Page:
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Great Expectations

July 7, 2011

If it’s true that expectations kill relationships, then what is so ugly about expectations anyway? Maybe it’s that expectations are mostly unspoken. As the lowest bar I set for other’s behavior, I expect people to naturally know and conform to these expectations. It’s the lowest common denominator after all. I expect you not to punch me as a greeting when I see you in public. These are the treat others as you want to be treated rules, right? The problem is when we make the subtle move from expectations to preferences. I expect [really, prefer] for Ben to speak his thoughts out loud without my prompting. In my extroverted, verbal processing world, this seems like an expectation when in reality it’s a preference. No harm is done if I have to simply ask him what he’s thinking. Now, a punch in the face? That’s a different story.

So back to the problem of expectations. If expectations are the baseline, then I feel cheated when something in my life comes in under that bar. I expected clear, easy sailing through the first year of Reed’s life. I expected this as the norm. But can the easy life really be set as an expectation? From both my religious and practical worldview, the answer is no. We live in a broken world. I see death, poverty, and tragedy all around me. Would I prefer a life with few troubles and no mysteries? Who wouldn’t?

But in this reality, I can still find a way to live, love, and embrace joy.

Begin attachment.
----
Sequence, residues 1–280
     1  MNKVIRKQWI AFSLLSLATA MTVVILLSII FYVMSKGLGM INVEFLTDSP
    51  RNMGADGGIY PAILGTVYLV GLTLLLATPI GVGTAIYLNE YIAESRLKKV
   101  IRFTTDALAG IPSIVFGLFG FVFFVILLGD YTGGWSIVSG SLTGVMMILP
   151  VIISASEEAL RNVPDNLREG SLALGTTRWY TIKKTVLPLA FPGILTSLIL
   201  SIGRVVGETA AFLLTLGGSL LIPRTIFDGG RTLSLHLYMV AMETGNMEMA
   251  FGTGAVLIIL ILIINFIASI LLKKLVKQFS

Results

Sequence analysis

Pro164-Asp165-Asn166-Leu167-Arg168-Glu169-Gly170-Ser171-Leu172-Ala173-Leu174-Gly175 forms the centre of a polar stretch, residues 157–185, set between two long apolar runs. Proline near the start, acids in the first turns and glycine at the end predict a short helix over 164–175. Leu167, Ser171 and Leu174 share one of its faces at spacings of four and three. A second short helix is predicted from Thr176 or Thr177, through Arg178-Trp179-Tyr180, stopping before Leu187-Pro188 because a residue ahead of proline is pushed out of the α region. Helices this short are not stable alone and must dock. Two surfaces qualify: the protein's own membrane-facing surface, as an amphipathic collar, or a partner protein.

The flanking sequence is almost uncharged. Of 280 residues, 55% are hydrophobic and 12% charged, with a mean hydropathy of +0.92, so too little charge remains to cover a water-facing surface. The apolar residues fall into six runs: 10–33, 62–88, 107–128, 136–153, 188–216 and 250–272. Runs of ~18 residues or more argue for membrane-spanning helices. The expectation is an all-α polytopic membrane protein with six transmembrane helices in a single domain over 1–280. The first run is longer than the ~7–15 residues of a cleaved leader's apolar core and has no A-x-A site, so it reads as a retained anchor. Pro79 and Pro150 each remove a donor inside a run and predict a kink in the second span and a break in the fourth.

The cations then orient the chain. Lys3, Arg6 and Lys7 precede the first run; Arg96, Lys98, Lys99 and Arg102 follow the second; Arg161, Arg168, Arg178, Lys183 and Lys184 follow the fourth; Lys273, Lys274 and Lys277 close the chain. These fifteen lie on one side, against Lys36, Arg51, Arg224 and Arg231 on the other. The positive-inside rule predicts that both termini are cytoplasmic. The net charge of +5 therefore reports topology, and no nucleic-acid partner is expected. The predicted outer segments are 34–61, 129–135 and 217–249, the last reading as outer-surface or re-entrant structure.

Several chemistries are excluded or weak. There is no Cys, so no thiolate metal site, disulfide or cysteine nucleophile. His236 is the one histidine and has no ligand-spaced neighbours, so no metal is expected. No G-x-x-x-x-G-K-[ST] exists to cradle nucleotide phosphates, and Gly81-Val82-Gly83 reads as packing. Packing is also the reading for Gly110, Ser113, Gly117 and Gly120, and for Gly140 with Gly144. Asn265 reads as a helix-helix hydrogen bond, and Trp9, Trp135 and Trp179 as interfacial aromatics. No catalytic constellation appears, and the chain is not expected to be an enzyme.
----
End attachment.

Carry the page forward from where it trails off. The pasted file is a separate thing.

When we feel cheated, it’s difficult to do any of the three things above. But how small we think if we’re convinced that love and joy are dependent on our circumstances alone. But then again, how difficult it is to love well when life presses in.

During this difficult season of not knowing, other people’s love has helped me love better and find true joy. Love my child, love me. Love my child unconditionally, help me love my child better. It’s really that simple. Grandparents play and talk with him like he’s the most incredible little boy they’ve ever met. Friends tote him on hip, smile with him, and play peek-a-boo with no attention to what he can’t do or hasn’t done yet. Aunts and uncles bring cousins to play alongside him with love and playfulness. And as I see others loving him so normally, I’m freed to love, live, and play normally, too.

Thank you to those who’ve come alongside and given us normalcy in the midst of mystery. I pray that whatever life is unraveling for you right now, others will come along and do for you what’s been so graciously done for us.

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